Why I changed my mind about biking to work

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Sam Parry heading to work.

Josie Parry

Friday is National Bike to Work Day. And, believe me, I know: Biking to work isn’t for everyone. For years, I thought it wasn’t for me.

I lived near a bus stop that shot me to work on the Washington, D.C., Metro system 10 miles from my Arlington townhouse to my Dupont Circle office — usually in about 45 minutes. I’d get my reading done on the commute. The walking from front door to bus door, and to train door to office door provided a bit of exercise. Other than grappling with the crowds and occasional train delays, life was good.
 
But a few things changed. My kids were growing older and became bored with the child care at my gym, which severely cramped my workout routine. We moved to a new neighborhood where the bus service was less convenient. My nearly 40-year-old ankles and knees were starting to object to my love of jogging. So, in an effort to get outdoors with my kids, who were learning to ride, I got my old, neglected bike back into riding condition.
 
Then I had a conversation with a co-worker, who was organizing EDF colleagues to join Climate Ride — a 300-mile, five-day biking event from New York to D.C. to raise awareness of the need for climate action. This gave me the final inspiration to try my hand at biking to work. If they could do 300 miles, I figured, certainly I could do 20 per day.

And, so, on a cool April morning a couple of years ago, I started out on my first cycling commute and I never looked back. I now bike to work nearly every day — except for in freezing temperatures, pouring rain, or before a morning business appointment.
 
I get my cardio work in, listen to audio books on my iPod, and get to the office in just about the same amount of time it takes on the Metro. And in the D.C. region, where tens of thousands of commuters waste hours in traffic every day, biking can be a a lot faster than driving. Plus, beyond a little bit of annual bike maintenance, it’s free!

So, if there is one message I’d like to deliver on National Bike to Work Day, it’s to give bike commuting a try. When you do, here are a few pointers I’ve picked up along the way:
 
Gear up. Never bike to work without a helmet. It's a bad idea to bike anywhere without head protection; don't even think about sharing the roads with cars without one. And invest in front and back lights in case your work keeps you later than planned. A good backpack is useful for a change of clothes and your computer. You’ll probably need a lock. And you'll want to bring spare tubes and a pump — you don't want to be late to work because of a flat tire. A water bottle could come in handy, too.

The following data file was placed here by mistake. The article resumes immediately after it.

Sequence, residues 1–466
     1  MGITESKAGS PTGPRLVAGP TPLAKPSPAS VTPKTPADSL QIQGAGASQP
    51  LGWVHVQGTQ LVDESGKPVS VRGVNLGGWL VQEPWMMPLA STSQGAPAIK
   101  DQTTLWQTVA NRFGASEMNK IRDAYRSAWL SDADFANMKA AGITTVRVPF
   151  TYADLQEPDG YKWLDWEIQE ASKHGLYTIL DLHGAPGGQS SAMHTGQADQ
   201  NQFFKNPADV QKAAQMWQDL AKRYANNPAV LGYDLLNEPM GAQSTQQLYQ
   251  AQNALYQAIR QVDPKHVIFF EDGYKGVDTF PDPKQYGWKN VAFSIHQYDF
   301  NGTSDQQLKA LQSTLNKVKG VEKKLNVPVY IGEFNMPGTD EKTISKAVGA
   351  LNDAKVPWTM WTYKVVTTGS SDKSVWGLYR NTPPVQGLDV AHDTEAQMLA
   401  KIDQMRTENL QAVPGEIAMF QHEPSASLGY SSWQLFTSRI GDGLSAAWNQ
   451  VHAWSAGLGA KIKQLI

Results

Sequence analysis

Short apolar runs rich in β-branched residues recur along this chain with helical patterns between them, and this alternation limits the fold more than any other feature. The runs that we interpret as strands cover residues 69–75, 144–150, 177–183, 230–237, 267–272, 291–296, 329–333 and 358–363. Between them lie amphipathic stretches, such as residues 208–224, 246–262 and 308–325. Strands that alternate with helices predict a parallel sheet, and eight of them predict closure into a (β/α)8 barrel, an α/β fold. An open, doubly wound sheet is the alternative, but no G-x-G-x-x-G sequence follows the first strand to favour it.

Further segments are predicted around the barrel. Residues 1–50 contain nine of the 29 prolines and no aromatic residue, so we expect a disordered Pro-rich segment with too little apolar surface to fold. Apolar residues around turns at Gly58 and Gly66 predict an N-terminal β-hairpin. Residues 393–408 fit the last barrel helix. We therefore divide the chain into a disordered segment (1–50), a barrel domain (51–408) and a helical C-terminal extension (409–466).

Find a shower. I’m fortunate to have a gym in my office building. If  your commute is longer than five miles, you’ll probably need some way to cool down before you begin your day. No shower at work? You’ll probably get away with splashing some water on your face.

Stay connected. Don’t leave home without your cell phone and make sure it’s charged for the time when your tire goes flat and you must call work. But please, don’t talk or text while riding.

Plan your route. Memorize your route before you start out. Stick to designated bike trails and lanes when you can. Always know where you'll have to cross traffic and think beforehand how you'll manage it. Getting off the bike and using a crosswalk when you must is OK.

Be courteous and safe. Biking to work can be a lot of fun, but it takes a bit of getting used to. Familiarize yourself with the rules of the bike trails. Don't worry if faster cyclists are passing you. Stay to your right while cruising and always pass on the left. Use a bell or your voice to let other cyclists and pedestrians know you’re passing. Look out for kids and families, and don't trust drivers to see you — they might not.

Happy riding!

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Sam Parry

Sam Parry

Sam is Environmental Defense Fund's director of online membership and activism.

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Comments

Right on. Before I retired at age 70, I biked 20 mi. Round trip every day but snow days. I am proud of you for going for it. I stil
l ride at 74, every where.

Hi Bill,

Thanks for your comment. Made my day. You're an inspiration. Hope I'm as spry at 74.

>listen to audio books on my iPod

Not a good idea. A key element of defensive (and safe) bicycle riding is being able to hear what's coming from behind.

Hi Hank – Thanks for your comment. I completely understand your point. When I ran more, people offered the same warning. I am a very safe rider in every other way – I stay to the right, constantly check my surroundings, maintain a modest pace, never zip in and out of traffic, stick to trails as much as possible, and never shift over to the left for passing without glancing behind me. I understand it is not the safest thing, but I just don’t want to sacrifice my "reading" time – don't have much to spare.

Frankly, in my two years of nearly daily riding, it has not once been a problem. The several close calls I've had with cars all resulted from idiot drivers not paying attention and making turns into bike lanes and crosswalks. If we can fix one thing in this country to promote safe cycling, it would be to adopt much safer standards for bike lanes. This video really helped demonstrate how far behind we are in making cycling safe: https://www.youtube.com/watch?v=m2THe_10dYs